model, with minimal number of constant parameters, where some of technically
involved issues are absent.
A similar approach is commonly used in the literature on stochastic communication networks; see, e.g., [5, 6, 7, 8] and [9]. We also find similarities,
as well as differences, with models proposed (in a different context) in a recent
paper [10]; analogies with [10] could be useful for the aforementioned purpose
of defining the prices that are appropriate for trades.
In the next section we describe the underlying Markov process. In Section
3 the rescaling of the process is presented and the main results are stated and
the proofs are given. The last section contains concluding discussion of various
aspects of the model.

The underlying Markov process

The rationale for the models below is as follows. We consider a single-commodity


market where prices may be at one of N distinct levels (say, c1 < c2 < . . . < cN ,
although the exact meaning of these values is of no importance here).
The market is operating in continuous time t R+ where R+ = [0, ). (As
was mentioned above, the earlier version [1] used a more cumbersome discrtetetime version of the underlying process.) At a given time t R+ , there are bi (t)
traders prepared to buy a unit of the commodity at price ci and si (t) traders
prepared to sell it at this price, which leads to vectors


b(t) = b1 (t), . . . , bN (t) , s(t) = s1 (t), . . . , sN (t) ZN
+.

Here and below Z+ = {0, 1, . . .} stands for a non-negative integer half-lattice


and ZN
+ for the non-negative integer N -dimensional lattice orthant. The pair
(b(t), s(t)) represents a state of a Markov process {U (t)} that will be the subject
of our analysis.
Suppose that, for given k = 1, . . . N and t R+ , we have that bk (t)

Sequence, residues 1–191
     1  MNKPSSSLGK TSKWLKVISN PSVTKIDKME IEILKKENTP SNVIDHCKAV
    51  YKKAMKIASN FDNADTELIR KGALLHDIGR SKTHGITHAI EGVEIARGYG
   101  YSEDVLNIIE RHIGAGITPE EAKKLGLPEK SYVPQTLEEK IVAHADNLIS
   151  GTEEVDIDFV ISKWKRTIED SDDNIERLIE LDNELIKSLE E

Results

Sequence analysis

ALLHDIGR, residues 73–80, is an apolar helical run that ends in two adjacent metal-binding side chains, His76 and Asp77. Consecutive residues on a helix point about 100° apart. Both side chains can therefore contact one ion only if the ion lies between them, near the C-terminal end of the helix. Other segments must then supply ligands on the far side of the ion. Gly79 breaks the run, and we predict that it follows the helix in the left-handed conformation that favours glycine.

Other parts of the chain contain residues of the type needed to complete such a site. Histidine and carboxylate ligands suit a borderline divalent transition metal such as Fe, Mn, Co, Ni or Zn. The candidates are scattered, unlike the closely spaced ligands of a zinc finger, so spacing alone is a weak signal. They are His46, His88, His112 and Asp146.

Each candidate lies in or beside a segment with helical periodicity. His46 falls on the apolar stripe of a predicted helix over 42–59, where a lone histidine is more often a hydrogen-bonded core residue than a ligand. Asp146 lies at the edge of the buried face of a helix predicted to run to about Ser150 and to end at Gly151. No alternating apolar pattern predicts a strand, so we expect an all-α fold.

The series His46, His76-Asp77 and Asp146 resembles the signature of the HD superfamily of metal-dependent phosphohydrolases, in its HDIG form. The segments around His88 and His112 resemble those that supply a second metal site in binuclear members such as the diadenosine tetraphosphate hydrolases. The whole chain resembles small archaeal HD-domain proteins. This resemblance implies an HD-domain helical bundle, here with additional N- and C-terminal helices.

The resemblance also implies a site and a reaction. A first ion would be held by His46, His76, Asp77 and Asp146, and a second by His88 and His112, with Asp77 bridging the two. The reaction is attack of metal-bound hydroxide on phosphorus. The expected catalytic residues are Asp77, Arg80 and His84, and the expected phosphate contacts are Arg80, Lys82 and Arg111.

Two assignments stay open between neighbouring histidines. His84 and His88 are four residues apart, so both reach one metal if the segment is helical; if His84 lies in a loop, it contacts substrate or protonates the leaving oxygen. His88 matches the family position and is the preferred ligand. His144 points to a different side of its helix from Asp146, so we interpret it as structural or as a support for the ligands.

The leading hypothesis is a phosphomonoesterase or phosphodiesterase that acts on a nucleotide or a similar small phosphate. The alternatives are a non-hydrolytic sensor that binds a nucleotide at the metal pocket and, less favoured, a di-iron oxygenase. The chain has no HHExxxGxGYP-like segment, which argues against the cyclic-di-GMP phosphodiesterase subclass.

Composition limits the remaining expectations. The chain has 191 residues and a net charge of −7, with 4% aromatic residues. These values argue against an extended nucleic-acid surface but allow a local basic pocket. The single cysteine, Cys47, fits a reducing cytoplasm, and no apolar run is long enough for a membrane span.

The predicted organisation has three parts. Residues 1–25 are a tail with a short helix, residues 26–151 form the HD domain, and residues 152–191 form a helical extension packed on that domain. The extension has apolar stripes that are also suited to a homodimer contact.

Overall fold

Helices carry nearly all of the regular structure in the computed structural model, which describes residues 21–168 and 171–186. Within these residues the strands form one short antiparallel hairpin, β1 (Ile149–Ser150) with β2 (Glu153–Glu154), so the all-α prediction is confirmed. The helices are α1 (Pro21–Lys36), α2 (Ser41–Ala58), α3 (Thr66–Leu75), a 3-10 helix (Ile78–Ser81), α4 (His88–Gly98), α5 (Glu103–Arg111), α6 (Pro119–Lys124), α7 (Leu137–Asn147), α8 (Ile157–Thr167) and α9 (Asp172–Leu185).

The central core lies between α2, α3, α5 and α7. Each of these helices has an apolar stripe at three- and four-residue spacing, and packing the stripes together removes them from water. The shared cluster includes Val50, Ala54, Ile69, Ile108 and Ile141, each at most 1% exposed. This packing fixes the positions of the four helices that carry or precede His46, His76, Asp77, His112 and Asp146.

sk (t) > 0 then each of the sellers gets a trade at a given rate T > 0 and leaves
the market, together with one of the buyers. Therefore, both values bk (t) and
sk (t) decrease at rate T . In addition, each one among sk (t) sellers (i) quits
the market at rate Q > 0 or (ii) moves to the price level ck1 at rate M > 0,
if k > 1. Similarly, every buyer among the bk (t) buyers (i) quits the market at
the same rate Q as above or (ii) moves to the price level ck+1 , again at rate
M , provided that k < N .
Symmetrically, if sk (t) bk (t) > 0 then each of the buyers gets a trade
at rate T and leaves the market, together with his seller companion. The
remaining traders at the price level ck proceed in a manner as above.
Further, when k = N , a buyer leaves the system with rate Q + M . Similarly, for k = 1, a seller leaves the system with rate Q + M .
Finally, a random Poisson flow of new exogenous buyers arrives at the price
level c1 ; the rate of this arrival equals B > 0. Similarly, a Poisson random flow
of new sellers arrives at the price level cN ; the rate of this arrival is S > 0.
As usually, standard independence
are in place.
 assumptions

 This generates

the aforementioned Markov process U (t) with trajectories (b(t), s(t)) , t
R+ .
Theorem 1 For any values of parameters B/S , Q/M and T , the process
{U (t)} is irreducible, aperiodic and positive
recurrent. Therefore,
it has a unique



,
and
for any initial
set of equilibrium probabilities = b, s : b, s ZN
+

state U (0) (deterministic or random), the distribution of the random state U (t)
at time t converges weakly to as t :



lim P U (t) = (b, s) = b, s .
t

Proof of Theorem 1. Irreducibility and aperiodicity of the process is evident.


Positive recurrence follows from the following observation. The (random) time
that a given trader (a buyer or a seller) spends in the system, i.e., the time from
his arrival till exit, is majorized by a sum of N independent exponential variables. Therefore, the process {U (t)} can be majorized, in a natural fashion, by
an M/M/ queueing process. But the latter is known to be positive recurrent.